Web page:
Let’s have a look at how to provide our users with a truly amazing experience when we need to allow them to edit pieces of code or configuration.
We will use one of the most popular and well-known code editors called Monaco editor which powers VSCode. The resulting app will have the editor on the left side and a markdown card on the right to showcase how to actually capture the data and communicate with Wave.
H2O Wave has a built-in mechanism for editing a multiline text via its ui.textbox component, but it has significant downsides:
No syntax highlighting.
Regular font instead of monospaced which tends to be more readable.
No find/replace functionality and other editor goodies.
The app consists of 2 parts:
Python part — regular Wave app.
All the code is loaded using require.js, but you can consider it an implementation detail. The only Wave-related thing to note is events. We fire 2 kinds:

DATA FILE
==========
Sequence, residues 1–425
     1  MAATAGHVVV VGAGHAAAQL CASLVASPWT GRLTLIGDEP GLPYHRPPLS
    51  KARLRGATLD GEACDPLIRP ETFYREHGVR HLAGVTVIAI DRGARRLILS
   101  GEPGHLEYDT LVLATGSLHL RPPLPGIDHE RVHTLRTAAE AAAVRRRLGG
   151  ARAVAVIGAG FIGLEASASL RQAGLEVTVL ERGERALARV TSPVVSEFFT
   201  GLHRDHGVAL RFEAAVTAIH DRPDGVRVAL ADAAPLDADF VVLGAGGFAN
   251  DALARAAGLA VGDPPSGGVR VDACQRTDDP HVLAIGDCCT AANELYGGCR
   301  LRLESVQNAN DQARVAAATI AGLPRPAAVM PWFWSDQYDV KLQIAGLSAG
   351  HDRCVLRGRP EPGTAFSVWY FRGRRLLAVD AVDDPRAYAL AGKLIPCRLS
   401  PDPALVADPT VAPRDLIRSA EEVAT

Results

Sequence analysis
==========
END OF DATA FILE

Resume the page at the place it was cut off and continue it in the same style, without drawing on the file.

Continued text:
Save event — when the user hits CMD or CTRL + S, used for updating our left-hand side markdown card.
Change event — when the user types something, used to mark the editor card as dirty using *.
Once the editor has been created, we want to also setup up listeners from which we will emit Wave events using window.wave.emit function. These are located within editor.addAction and editor.onDidChangeModelContent.
The Python part
The first thing we need to create is a single HTML div element that will serve as a container into which Monaco renders its magic. We can use ui.markup_card as it’s designed for this exact purpose — rendering raw HTML. We also give the div a unique ID to easily select it in our JS file. Lastly, we want the editor to take up all the available card space so a few extra styles are necessary.
Then we just render a ui.markdown_card to display saved text and demonstrate how can Wave and Monaco communicate.
Handling the events then is a piece of cake.
Using less than 100 total lines of code you get syntax highlighting and rich editing capabilities almost for free. Not bad at all I would say 🙂
About the Author
In my free time, I teach ballroom dancing at both competitive and social level (as a former ballroom dancer).
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